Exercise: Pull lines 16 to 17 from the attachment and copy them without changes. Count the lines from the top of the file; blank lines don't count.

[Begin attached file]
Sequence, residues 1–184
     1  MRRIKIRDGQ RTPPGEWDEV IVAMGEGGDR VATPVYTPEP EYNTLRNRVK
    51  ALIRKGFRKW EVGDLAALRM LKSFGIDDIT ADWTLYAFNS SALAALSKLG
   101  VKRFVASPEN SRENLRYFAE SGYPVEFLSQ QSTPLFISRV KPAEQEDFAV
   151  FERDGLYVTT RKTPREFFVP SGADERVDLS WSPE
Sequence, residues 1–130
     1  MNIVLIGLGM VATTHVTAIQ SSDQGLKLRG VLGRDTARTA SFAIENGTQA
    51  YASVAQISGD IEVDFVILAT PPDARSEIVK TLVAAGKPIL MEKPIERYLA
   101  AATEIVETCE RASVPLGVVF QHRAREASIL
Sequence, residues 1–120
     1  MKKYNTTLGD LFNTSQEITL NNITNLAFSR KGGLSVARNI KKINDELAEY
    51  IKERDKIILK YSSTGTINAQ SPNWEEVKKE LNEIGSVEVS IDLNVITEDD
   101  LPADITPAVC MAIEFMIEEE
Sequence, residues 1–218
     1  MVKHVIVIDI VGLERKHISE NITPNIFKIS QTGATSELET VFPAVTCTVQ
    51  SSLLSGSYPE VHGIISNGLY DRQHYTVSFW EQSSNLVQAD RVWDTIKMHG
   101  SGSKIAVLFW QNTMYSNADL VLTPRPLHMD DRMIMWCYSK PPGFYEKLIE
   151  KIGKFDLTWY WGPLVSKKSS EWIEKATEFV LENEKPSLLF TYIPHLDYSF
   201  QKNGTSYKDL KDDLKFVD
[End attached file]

    51  SSLLSGSYPE VHGIISNGLY DRQHYTVSFW EQSSNLVQAD RVWDTIKMHG
   101  SGSKIAVLFW QNTMYSNADL VLTPRPLHMD DRMIMWCYSK PPGFYEKLIE